Tuesday, August 3, 2021

Extreme July Rainfall

Following up on last week's post, recent rainfall has been prodigious in western and northwestern Alaska, leading to the wettest calendar month of record in Kotzebue (5.32" versus 5.26" in August 1998) and easily the wettest July on record (old record 4.16" in 1931).  Nome surpassed the very wet July of 2012, with the wettest July since 1920 (6.41" vs 8.43").

Note, however, that the 30-day rainfall record in Kotzebue is 6.54", which occurred mostly in August 1946.  Remarkably, Nome has twice seen over 10" of rain in 30 days: in 1922 and 1954.

The rainfall since late June has been most excessive in the far western Brooks Range; check out this accumulated precipitation chart from the Red Dog CRN site, at about 1000' elevation and 80 miles north of Kotzebue.  The site has seen over 12" of rain since late June, and the June-July total was an astonishing 14.5".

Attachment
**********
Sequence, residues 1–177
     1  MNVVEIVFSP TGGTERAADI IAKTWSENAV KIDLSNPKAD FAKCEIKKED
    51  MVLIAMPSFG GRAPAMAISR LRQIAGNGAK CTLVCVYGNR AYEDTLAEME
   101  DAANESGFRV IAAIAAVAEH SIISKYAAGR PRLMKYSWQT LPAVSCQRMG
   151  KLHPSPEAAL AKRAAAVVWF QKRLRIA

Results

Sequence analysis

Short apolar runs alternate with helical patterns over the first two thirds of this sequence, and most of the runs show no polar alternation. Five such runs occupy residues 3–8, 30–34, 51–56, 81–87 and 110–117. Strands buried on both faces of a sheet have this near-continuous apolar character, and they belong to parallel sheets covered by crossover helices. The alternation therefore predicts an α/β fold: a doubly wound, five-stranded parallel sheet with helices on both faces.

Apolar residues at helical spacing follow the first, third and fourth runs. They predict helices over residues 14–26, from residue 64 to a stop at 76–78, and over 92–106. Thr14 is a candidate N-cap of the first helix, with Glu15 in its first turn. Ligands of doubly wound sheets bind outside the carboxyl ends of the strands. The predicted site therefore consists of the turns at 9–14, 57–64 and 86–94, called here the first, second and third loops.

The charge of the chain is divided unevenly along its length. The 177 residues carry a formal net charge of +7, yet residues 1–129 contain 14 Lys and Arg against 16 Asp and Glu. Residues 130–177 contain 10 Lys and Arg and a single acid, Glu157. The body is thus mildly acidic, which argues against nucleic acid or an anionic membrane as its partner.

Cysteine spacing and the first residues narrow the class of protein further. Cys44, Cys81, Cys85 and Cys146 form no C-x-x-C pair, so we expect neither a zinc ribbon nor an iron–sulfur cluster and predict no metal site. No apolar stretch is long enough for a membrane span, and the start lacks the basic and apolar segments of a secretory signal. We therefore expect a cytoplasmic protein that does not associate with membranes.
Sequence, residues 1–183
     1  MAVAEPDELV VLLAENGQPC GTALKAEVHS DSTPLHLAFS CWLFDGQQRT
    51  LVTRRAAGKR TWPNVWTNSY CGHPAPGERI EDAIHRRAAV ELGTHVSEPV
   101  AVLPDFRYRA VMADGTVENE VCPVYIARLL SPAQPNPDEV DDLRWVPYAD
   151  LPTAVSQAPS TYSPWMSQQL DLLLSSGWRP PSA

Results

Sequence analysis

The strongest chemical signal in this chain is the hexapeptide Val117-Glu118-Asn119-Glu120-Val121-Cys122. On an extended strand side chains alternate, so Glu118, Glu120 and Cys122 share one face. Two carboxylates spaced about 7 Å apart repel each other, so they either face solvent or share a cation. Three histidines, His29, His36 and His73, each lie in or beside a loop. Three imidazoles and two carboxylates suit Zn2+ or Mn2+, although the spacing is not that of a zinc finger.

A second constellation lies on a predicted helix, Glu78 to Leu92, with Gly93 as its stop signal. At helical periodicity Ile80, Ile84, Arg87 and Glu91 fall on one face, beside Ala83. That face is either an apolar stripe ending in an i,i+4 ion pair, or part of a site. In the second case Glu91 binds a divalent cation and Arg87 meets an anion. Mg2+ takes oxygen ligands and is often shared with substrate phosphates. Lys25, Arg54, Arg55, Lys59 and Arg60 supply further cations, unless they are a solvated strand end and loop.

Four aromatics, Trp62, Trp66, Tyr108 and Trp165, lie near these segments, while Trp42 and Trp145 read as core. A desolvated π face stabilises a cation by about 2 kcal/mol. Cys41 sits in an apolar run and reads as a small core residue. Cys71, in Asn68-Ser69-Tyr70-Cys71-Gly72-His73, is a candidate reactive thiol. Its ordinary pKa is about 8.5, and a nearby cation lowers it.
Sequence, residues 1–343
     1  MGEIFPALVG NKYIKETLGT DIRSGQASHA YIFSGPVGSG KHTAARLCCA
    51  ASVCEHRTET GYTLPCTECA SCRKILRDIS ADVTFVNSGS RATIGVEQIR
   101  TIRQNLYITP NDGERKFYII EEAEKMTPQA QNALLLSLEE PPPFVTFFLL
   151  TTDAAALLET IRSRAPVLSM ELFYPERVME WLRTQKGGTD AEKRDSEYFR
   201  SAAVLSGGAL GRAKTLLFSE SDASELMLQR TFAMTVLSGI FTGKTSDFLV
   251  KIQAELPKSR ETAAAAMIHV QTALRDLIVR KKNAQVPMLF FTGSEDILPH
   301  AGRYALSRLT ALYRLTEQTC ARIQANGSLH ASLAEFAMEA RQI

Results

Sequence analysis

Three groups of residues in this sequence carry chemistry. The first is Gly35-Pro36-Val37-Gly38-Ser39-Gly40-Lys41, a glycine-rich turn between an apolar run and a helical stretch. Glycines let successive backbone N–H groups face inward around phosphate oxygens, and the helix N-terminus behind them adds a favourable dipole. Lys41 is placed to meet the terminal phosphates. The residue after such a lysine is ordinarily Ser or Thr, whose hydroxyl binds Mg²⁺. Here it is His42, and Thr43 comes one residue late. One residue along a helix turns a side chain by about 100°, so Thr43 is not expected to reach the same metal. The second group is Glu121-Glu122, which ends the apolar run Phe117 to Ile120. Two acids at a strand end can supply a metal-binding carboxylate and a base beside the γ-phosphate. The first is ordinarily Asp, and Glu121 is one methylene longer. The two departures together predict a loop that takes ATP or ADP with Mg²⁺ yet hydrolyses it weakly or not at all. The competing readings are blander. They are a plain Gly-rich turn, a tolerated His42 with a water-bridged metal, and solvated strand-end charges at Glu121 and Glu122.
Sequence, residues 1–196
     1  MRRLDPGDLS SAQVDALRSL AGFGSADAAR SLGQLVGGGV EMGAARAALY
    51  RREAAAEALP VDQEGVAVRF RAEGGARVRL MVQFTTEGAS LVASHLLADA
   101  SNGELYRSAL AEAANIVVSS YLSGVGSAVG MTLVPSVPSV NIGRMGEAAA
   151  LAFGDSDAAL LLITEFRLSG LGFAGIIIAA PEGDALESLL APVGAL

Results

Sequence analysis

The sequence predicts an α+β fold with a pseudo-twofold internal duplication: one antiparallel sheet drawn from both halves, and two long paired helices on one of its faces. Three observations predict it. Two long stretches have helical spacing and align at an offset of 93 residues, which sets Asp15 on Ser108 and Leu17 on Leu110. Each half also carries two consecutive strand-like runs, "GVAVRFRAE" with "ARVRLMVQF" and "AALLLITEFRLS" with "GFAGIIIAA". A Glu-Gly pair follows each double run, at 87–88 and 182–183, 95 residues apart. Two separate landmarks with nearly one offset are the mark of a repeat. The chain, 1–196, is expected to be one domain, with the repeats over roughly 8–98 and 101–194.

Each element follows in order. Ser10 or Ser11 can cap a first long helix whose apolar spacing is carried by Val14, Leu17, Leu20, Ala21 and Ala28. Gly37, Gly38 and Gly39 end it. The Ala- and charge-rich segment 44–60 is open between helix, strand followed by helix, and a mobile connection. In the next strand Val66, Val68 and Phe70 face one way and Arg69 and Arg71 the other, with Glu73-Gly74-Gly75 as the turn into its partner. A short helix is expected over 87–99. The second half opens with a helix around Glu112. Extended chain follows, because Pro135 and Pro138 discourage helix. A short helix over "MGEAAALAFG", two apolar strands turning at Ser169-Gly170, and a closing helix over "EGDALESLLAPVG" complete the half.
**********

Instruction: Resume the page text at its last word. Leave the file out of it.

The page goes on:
The nearby Kelly Station SNOTEL instrument (~20 miles SE of the CRN site) has measured over 10" since late June:

Much farther to the south, the Rocky Point SNOTEL on the southern coast of the Seward Peninsula (not far from White Mountain) has seen 9" in the same period:

For the record, and following on from the last post, here are the NWS rainfall estimates from the past week:

Looking more broadly afield, the west-east contrast in July rainfall across Alaska was very striking; here is Rick Thoman's summary graphic, via Twitter:

The monthly-mean circulation pattern involved an unusually strong trough of low pressure from the Chukchi Sea down to the western Bering Sea, but a ridge over southern Alaska kept jet stream disturbances away from the eastern and southeastern parts of the state.

Not surprisingly, temperatures were quite cool in the west, but were generally warmer than normal in the Arctic, eastern interior, southeast, and Alaska Peninsula.

1 comment:

  1. With that rain I wonder about the effect on ocean temps and salinity? All that water ends up there eventually.